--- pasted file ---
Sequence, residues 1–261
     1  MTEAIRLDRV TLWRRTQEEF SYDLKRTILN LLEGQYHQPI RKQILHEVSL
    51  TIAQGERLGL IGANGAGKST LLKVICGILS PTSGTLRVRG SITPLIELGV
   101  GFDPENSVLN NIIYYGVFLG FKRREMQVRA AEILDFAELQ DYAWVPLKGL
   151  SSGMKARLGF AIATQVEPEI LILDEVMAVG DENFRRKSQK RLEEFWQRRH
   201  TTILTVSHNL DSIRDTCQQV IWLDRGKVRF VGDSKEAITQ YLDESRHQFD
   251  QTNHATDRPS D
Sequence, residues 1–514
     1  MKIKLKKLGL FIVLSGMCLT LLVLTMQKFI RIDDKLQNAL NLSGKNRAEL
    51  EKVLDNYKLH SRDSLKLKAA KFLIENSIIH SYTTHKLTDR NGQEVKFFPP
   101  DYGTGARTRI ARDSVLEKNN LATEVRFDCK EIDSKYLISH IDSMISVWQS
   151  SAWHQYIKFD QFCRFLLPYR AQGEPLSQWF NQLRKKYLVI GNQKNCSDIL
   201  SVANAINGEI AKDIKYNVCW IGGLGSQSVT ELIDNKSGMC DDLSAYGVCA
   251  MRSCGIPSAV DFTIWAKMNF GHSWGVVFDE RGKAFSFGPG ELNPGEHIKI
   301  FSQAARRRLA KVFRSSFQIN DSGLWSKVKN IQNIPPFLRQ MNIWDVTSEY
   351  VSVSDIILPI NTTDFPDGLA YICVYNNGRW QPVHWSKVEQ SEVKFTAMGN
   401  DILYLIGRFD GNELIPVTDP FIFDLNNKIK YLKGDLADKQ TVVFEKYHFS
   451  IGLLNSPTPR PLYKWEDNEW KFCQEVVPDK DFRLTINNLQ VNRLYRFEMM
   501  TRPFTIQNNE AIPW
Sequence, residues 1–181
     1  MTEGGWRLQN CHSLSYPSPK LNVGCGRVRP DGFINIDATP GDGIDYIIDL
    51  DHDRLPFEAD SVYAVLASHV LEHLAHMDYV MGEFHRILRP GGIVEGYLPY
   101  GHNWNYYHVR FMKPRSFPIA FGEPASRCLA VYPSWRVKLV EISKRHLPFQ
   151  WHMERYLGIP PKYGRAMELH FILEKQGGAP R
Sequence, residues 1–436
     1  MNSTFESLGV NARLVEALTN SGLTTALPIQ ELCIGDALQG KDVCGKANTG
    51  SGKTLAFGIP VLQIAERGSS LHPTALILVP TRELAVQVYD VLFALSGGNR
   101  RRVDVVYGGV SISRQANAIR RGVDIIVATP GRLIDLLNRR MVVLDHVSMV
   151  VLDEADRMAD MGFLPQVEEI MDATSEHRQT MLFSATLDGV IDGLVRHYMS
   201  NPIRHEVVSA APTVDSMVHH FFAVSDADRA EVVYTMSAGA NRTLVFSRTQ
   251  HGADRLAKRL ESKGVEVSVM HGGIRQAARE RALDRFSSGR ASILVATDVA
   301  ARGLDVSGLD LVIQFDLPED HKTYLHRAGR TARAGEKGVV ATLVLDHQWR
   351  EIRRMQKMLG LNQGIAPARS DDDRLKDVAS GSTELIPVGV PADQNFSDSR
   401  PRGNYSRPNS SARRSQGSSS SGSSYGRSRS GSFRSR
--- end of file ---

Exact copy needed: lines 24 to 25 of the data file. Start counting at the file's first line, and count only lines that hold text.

   151  WHMERYLGIP PKYGRAMELH FILEKQGGAP R
Sequence, residues 1–436